Once upon a time, while his parents were still alive, it had been suggested that Julian should become a lawyer, and to that end he had actually gone so far as to make some pretence at studying that dismal science. The pretence had not gone far, and if anybody had asked him how much he knew of the law he would have answered, in all sincerity, “Nothing”. Now, as he stood by the fireside, a fragment of his forgotten learning drifted back into his mind. “Marriage invalidates a will.” He remembered hearing it droned out by a tedious lecturer and copying the words wearily into a shiny red note-book. “Marriage invalidates a will.” Therefore his aunt’s first will, made when she was still Miss Symondson, simply didn’t count. If she had never made the second one—this horrible thing that he held in his hand at this moment—she would have been—what was the word?—intestate. And Martha and Louisa were dead. Therefore . . .

Julian would never afterwards admit, even to himself, that he did more than release his grip on the sheet of paper for an instant. But there was no denying the fact that after it had fluttered down into the flames he pressed the poker very firmly upon it until it was a crumpled heap of ashes. That done, he pulled himself together and telephoned for the doctor.

Next day Julian drove the little two-seater over into the neighbouring county town. He made his way to the offices of Messrs. Coltsfoot and Proudie, Solicitors, and sent in his card. The lad who took it in returned almost at once.

“Mr. Coltsfoot will see you, sir,” he said.

Mr. Coltsfoot was an elderly tired-looking man, with a bald head and immense bushy eyebrows which gave his occasional stare a peculiarly disconcerting quality.

“Mr. Julian Symondson,” he said, looking up from the card which he held in his hand. “You are the nephew of the late Mrs. Thorogood, I understand?”

“Exactly,” answered Julian. “Her only nephew, to be accurate—in fact, I think I am her only relative of any kind. And understanding that you were her solicitor——”

“We have acted for her in the past,” interjected Mr. Coltsfoot, “but latterly she seems to have preferred to manage most of her affairs herself.”

“—well, I thought you were probably the right person to see. Considering that I seem to be the heir and so forth, you know.”

Julian’s voice trailed off uncertainly under the purposeful glare of Mr. Coltsfoot’s eye.

“Surely Mrs. Thorogood left a will?” he demanded.

“Certainly not,” answered Julian, completely taken aback. “Absolutely not, in fact. Not in the least, I mean.”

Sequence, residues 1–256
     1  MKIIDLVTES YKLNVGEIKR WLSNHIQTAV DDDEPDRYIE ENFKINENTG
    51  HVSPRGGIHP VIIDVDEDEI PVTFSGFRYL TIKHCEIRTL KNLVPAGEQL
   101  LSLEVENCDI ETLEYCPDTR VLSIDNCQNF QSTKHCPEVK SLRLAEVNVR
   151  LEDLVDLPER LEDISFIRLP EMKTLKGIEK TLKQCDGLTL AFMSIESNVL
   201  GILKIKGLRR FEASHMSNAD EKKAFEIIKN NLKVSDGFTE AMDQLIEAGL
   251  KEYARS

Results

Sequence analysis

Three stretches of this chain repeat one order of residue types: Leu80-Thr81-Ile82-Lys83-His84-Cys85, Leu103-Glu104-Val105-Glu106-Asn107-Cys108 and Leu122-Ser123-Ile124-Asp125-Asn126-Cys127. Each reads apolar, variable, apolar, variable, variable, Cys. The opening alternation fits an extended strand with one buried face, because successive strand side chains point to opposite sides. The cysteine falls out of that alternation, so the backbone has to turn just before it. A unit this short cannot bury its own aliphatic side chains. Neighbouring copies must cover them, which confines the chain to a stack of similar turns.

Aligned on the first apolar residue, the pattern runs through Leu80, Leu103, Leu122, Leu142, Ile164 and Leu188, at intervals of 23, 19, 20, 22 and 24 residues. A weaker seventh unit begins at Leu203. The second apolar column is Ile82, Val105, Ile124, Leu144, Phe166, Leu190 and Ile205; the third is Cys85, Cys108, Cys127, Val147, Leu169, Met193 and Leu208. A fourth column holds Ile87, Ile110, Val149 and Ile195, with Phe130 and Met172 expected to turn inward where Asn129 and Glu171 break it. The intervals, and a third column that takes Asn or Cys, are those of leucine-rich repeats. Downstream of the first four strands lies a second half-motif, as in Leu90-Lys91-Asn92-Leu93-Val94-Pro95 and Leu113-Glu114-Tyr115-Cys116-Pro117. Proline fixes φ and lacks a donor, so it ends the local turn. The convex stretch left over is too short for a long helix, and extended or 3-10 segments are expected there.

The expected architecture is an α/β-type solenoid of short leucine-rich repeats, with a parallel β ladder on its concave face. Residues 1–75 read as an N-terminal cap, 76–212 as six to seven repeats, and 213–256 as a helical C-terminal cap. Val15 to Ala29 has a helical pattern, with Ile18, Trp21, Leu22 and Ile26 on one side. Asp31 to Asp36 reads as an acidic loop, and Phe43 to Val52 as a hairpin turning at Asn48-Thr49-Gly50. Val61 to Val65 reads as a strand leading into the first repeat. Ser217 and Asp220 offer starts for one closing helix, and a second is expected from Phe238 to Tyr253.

“You have made a thorough search, I suppose? Old ladies sometimes leave these things in odd places.”

“Oh, complete, yes, rather! Looked everywhere, you know, and there’s simply not a thing to be seen. She was a very tidy old lady, too. But if you’ve any doubt about it,” he added with growing boldness, “I wish you’d come over with me and have a look. I want to be perfectly fair about it, I can tell you.”

“I am not suggesting that you are not being perfectly fair, as you call it,” replied the solicitor drily. “But, on the whole, I think it would be as well if I did.”

Julian could hardly restrain himself from chuckling aloud as he drove Mr. Coltsfoot back to the cottage in his car. Everything was working out just as he had hoped. It was too easy! In due course the old will would be found, pushed away under a mass of papers, enclosed in an envelope which he had artistically dirtied that morning to give it the appearance of age. (The original, with the damning date of 1956 upon its face, he had, of course, destroyed.) After that, his sincerity in the matter would be apparent; and Coltsfoot could burrow and rummage as much as he pleased before he found another. Julian had made sure of that.

Things proceeded according to plan. The invalid will was duly discovered, and Julian uttered carefully rehearsed little expressions of surprise. A long and thorough search then ensued—and Mr. Coltsfoot was surprisingly thorough—which produced precisely nothing.

“Odd!” said Mr. Coltsfoot, as he stood exhausted in the drawing-room, his curiosity at last satisfied. “Very odd!”

“What is odd?” asked Julian, by now somewhat impatient.

“This will,” said the solicitor, tapping his left hand with the document in his right, “was prepared by my firm for your aunt many years ago. It was lodged for safe keeping in our strong room. Quite recently—no more than two or three years ago—she asked us to return it to her, as she desired to make a fresh one. She did not—h’m—she did not favour us with her instructions on that occasion, however. But I am certainly surprised to find that she never carried out her intentions.”

“She changed her mind, that’s all,” said Julian shortly. “Nothing surprising in that, is there?”

“At all events,” said the solicitor deliberately, “it is somewhat unfortunate. That is to say, although I know nothing definite”—his eyebrows fairly scintillated discretion—“yet from what she let fall in my last interview with her I rather gathered that the document I hold in my hand did not altogether represent her final intentions. As it is——” He fumbled for his pince-nez and began to read it to himself.

“Now look here, sir,” said Julian rudely. “I know something about the law, I may tell you, even if you don’t. That will was made before my aunt married. Marriage invalidates a will. So——”

He broke off. Mr. Coltsfoot had looked up from his perusal, and Julian did not like his expression.

“Marriage invalidates a will!” the solicitor repeated. “Just so! Tell me, Mr. Symondson, did you ever know the late Mr. Thorogood?”

“Good Lord, no! He died years ago, before I was born.”